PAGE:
In this May 24, 2013 photo, a female Bobcat being cared for at The Wildlife Center growls inside her cage in Espanola, New Mexico. From families of bobcats
In this May 24, 2013 photo, a female Bobcat being cared for at The Wildlife Center growls inside her cage in Espanola, New Mexico. From families of bobcats to song birds and raptors, the Wildlife Center refuge in northern New Mexico says it is seeing an increase in starving and thirsty animals, the apparent result of prolonged drought that is drying up food supplies. (AP Photo/The Wildlife Center, Alissa Mundt)

ALBUQUERQUE -- From a family of bobcats to songbirds and raptors, the Wildlife Center in northern New Mexico says it is seeing a rise in starving and thirsty animals, the result of prolonged drought that is drying up food and water supplies.

"We are seeing an increase in birds that are coming in way underweight, without any injuries, which is unusual," Katherine Eagleson, executive director of The Wildlife Center in Espanola. "... We are finding no evidence of disease or injuries, they are just starving."

Eagleson says the center is also fielding a lot of calls from people finding unusual animals in their yards.

For instance, the center currently is caring for a mother and four bobcat kittens found in the El Dorado neighborhood of Santa Fe. It also has foxes and lots of bunnies, Eagleson said.

"It's sort of an interesting phenomenon," she said. "People are finding animals in their yards and in their garages and in their barns that they don't usually see in that close to human habitation. I believe it's the place where there are still plants and seeds that brings in rodents, the snakes follow the rodents and one thing leads to another."

New Mexico is now in its third year of drought, with much of the state now classified as in extreme conditions. That has impacted all levels of wildlife, Eagleson said. And the effects will likely be felt for years to come, as animals stop reproducing when they don't have food and water.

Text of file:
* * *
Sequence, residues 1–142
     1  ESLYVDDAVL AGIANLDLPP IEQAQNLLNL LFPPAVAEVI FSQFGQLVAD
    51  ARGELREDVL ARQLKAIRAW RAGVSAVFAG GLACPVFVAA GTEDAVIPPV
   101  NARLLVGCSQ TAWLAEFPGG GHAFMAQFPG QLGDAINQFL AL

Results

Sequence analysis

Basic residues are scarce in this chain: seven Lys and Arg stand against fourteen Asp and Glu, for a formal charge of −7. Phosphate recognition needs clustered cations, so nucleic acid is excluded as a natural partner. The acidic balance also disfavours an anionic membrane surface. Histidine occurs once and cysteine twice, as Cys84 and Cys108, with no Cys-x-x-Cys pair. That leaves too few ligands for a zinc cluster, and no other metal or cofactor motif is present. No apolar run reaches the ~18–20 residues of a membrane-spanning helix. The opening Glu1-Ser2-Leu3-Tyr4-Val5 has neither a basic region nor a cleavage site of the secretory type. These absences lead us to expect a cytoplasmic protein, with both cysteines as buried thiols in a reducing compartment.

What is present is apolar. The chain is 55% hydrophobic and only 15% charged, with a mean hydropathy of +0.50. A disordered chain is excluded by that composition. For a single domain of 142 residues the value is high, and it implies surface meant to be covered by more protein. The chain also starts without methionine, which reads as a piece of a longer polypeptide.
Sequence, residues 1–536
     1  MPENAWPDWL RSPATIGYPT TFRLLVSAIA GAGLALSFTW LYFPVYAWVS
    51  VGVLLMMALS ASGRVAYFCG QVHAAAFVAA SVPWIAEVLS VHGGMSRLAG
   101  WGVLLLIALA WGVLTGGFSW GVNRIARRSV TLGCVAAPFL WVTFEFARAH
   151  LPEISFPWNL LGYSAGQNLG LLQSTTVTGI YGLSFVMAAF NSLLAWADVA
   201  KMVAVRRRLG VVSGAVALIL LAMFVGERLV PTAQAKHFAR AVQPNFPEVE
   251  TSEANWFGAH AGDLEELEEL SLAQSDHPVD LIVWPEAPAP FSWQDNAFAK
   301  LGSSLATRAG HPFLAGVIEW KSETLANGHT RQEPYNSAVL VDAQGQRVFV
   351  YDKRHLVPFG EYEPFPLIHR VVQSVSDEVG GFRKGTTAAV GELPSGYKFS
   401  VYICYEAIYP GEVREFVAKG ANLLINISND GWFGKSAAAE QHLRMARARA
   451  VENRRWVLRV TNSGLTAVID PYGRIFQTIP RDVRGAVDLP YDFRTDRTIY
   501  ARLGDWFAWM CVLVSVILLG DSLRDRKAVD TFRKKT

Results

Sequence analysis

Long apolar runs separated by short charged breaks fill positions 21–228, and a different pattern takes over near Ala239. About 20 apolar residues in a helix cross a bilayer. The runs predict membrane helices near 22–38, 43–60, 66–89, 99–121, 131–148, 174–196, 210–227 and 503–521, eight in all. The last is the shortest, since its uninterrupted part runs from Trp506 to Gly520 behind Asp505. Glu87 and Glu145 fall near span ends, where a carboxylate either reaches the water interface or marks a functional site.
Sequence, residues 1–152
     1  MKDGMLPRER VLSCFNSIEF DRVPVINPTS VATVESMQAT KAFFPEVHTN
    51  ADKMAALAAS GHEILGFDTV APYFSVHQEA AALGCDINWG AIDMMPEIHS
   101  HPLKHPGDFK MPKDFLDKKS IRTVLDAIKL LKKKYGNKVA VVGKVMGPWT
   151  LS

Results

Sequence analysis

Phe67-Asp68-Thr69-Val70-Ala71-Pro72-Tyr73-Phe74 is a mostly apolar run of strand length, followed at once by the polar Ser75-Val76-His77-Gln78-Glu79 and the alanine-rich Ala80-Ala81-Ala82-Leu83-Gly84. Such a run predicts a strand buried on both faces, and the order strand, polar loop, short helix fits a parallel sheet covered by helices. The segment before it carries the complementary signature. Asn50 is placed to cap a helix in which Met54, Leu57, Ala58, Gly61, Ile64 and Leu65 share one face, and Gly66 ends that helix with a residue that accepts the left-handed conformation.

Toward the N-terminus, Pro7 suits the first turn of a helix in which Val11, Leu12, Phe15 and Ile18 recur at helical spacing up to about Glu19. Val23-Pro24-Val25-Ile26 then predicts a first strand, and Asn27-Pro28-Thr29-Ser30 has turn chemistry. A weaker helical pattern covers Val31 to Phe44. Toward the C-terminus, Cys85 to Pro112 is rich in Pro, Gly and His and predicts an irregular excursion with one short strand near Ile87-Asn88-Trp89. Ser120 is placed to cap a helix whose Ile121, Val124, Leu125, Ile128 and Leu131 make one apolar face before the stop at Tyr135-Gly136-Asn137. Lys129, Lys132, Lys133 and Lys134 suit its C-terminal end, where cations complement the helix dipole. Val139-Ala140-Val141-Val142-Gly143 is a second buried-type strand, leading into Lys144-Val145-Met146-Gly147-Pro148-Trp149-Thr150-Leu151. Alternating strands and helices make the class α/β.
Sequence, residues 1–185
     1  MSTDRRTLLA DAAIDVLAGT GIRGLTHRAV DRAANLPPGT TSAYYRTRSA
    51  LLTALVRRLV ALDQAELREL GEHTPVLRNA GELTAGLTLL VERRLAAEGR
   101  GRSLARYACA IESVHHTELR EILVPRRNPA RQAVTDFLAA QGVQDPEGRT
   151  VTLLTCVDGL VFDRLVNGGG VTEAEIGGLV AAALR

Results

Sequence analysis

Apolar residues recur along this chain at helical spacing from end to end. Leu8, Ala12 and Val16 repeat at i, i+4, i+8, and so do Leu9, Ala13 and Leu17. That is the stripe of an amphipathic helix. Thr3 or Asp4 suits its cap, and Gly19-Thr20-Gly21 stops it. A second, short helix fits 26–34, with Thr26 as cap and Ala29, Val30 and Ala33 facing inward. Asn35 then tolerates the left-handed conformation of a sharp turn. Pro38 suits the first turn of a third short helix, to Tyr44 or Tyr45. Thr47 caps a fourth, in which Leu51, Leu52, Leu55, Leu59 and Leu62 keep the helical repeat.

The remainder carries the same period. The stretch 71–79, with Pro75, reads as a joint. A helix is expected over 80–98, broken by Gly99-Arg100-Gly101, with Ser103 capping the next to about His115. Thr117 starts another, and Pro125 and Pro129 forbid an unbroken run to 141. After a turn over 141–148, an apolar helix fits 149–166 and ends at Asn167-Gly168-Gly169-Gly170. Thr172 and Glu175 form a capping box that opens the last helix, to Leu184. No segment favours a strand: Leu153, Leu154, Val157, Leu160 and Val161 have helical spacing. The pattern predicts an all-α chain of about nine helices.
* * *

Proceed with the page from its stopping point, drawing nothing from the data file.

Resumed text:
"It's probably worse than fires in terms of long-term effects on wildlife," she said.

And it's too soon to know what impact the drought will have this year on larger mammals like bears, deer and elk, said Dan Williams from the New Mexico Department of Game and Fish.

If people want to help wildlife, Eagleson suggests they put shallow pans of water on the edges of their property, to keep unwanted wildlife from coming in closer in search of their sprinklers, ponds and other water and food sources.

And Williams warns that people should never remove a bear cub or young deer or elk if they see it in the wild alone. He said the animals often stash their young while they look for food, and removing the babies is not only illegal, it leaves them little chance for survival.

Last week, for instance, a woman in Tijeras saw a bear cub along the side of the road and took it, thinking she was rescuing it.

"She thought she was doing the right thing," he said. "Unfortunately, now the bear doesn't have a whole lot of chance of survival."

The bear is being raised at a rehab center until it is old enough to be released into the wild, he said,"but its chances in the wild on its own without any training from its mother are not good."